Patient Died Soon After Taking MS Drug Fingolimod


The Food and Drug Administration has reported that a patient died soon after receiving the first dose of fingolimod, a relatively new drug for multiple sclerosis, but at this time, has not attributed the death to the drug.

The patient had been monitored for bradycardia for 6 hours "without incident" after the first dose, as recommended in the drug’s label, but died within 24 hours, according to the agency. The FDA said in a statement issued Dec. 20 that it is continuing to investigate the case.

The orally administered drug is a sphingosine 1-phosphate receptor modulator that is marketed as Gilenya by Novartis Pharmaceuticals. It was approved in 2010 to reduce the frequency of clinical exacerbations in relapsing forms of MS and to delay the accumulation of physical disability. Known side effects of fingolimod include a decrease in heart rate and/or atrioventricular (AV) conduction after the first dose, which is the basis of the recommendation to monitor patients for bradycardia for 6 hours after the first dose.

The FDA advised close monitoring of patients on class Ia or class III antiarrhythmic drugs, beta-blockers, calcium channel blockers, as well as those with a low heart rate, history of syncope, sick sinus syndrome, second degree or higher conduction block, ischemic heart disease, or heart failure when they start treatment with fingolimod; its use has not been studied in these patients, who are at an increased risk of bradycardia. The patient who died was on a beta-blocker (metoprolol) and a calcium channel blocker (amlodipine).

For now, the agency said in the statement that it "continues to believe that Gilenya provides an important health benefit when used as directed and recommends that health care professionals who prescribe Gilenya follow the recommendations in the approved drug label."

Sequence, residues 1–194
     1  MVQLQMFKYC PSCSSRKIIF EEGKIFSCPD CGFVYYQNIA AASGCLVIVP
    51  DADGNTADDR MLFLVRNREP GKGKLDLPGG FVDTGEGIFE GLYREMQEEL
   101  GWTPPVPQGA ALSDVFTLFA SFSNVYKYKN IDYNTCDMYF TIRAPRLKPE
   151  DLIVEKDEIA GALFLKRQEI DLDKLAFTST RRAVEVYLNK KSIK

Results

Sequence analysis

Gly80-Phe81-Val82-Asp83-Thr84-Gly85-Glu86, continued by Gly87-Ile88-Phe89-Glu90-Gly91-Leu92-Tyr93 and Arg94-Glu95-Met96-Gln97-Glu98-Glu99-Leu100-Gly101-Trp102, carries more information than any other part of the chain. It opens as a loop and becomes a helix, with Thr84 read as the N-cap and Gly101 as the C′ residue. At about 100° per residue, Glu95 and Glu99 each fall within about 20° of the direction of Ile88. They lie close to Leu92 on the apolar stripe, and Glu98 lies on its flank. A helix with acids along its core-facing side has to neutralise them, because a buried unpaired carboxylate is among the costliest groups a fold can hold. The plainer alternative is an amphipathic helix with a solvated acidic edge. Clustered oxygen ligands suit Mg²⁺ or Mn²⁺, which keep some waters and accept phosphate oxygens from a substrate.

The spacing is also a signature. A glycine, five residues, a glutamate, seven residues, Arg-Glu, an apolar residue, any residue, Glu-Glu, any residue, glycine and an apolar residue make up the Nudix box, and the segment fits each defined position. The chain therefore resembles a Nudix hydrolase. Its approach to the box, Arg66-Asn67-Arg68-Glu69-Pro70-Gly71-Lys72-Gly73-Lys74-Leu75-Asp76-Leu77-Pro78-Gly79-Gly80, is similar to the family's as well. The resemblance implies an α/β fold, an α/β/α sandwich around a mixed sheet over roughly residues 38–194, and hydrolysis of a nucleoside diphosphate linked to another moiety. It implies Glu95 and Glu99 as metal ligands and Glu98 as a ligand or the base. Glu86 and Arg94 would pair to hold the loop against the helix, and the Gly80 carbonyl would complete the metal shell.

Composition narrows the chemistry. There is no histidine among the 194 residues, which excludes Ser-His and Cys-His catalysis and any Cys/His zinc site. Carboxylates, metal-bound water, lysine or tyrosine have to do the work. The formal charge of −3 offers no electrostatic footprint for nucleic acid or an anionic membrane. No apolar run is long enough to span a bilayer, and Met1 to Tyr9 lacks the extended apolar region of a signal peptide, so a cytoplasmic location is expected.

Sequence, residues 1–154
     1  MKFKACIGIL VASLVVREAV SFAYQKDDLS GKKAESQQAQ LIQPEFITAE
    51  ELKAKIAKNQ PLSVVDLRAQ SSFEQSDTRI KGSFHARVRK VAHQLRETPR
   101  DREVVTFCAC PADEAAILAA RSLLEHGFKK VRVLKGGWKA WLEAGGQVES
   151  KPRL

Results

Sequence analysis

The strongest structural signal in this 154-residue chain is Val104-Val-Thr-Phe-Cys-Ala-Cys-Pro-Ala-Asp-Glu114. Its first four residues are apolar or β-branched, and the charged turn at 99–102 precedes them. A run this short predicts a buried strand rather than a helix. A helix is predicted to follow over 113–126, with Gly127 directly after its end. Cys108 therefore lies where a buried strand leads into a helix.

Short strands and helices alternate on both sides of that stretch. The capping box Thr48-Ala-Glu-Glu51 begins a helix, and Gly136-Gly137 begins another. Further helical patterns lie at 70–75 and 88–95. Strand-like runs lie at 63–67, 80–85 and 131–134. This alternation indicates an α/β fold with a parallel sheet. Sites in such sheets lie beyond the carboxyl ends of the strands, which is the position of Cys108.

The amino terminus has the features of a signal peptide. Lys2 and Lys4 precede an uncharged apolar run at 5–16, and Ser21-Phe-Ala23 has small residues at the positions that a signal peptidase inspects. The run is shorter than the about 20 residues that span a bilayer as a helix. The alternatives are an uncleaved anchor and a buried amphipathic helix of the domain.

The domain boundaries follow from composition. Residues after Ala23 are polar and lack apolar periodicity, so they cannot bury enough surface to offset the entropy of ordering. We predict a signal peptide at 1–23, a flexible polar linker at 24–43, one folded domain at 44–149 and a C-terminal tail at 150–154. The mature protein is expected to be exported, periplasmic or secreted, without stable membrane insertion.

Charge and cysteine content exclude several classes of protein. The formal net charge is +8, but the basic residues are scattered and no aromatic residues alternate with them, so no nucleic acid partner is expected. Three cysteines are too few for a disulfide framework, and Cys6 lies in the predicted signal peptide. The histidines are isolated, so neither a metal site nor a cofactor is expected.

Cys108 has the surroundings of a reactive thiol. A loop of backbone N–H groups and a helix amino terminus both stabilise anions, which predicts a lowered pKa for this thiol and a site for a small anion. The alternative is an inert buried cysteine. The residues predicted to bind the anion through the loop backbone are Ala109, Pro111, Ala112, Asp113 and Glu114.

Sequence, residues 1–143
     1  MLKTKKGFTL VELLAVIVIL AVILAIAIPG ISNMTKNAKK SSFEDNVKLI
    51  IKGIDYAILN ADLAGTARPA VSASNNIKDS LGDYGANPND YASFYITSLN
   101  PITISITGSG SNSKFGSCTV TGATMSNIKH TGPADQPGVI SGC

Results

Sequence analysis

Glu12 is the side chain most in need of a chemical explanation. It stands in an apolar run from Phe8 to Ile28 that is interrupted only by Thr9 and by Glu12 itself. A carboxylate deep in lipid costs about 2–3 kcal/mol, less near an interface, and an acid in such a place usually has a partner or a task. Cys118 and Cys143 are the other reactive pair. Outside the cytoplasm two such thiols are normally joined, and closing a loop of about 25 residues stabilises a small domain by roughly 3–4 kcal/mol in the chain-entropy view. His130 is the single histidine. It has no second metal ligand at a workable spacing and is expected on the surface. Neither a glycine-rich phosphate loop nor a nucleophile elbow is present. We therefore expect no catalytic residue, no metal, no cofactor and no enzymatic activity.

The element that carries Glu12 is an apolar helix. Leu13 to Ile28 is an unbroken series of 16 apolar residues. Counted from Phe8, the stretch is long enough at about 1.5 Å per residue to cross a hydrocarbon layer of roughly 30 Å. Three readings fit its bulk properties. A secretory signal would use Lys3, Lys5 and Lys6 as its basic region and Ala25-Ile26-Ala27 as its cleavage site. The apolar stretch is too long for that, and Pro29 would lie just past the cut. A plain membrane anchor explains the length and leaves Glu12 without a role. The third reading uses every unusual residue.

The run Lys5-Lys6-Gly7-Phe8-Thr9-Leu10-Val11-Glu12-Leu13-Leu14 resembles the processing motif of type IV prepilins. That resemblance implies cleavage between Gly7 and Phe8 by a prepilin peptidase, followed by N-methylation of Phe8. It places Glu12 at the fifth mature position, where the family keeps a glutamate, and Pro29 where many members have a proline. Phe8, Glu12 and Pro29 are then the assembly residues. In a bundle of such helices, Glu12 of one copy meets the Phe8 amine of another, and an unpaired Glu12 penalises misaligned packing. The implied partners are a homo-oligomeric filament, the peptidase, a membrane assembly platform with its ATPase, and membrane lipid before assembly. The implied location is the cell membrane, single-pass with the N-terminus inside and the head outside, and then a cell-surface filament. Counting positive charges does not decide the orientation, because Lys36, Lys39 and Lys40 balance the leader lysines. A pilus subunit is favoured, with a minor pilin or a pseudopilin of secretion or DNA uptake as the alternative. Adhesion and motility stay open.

Those recommendations include observing patients for signs and symptoms of bradycardia for 6 hours after the first dose of fingolimod and obtaining a baseline ECG before the first dose for patients at a greater risk of bradyarrhythmias if a recent ECG is not available. Patients on the drug should be familiar with the signs and symptoms of bradycardia and know when to seek medical help for symptoms, the FDA advises.

The statement also points out that the effects of the drug on heart rate and AV conduction can recur if a patient starts fingolimod after discontinuing it for more than 2 weeks and that the recommendations for monitoring after the initial dose should be followed.

The case was reported to the FDA’s Adverse Event Reporting System (AERS), also known as MedWatch. Serious adverse events associated with fingolimod should be reported to the FDA’s MedWatch program or by phoning 800-332-1088.

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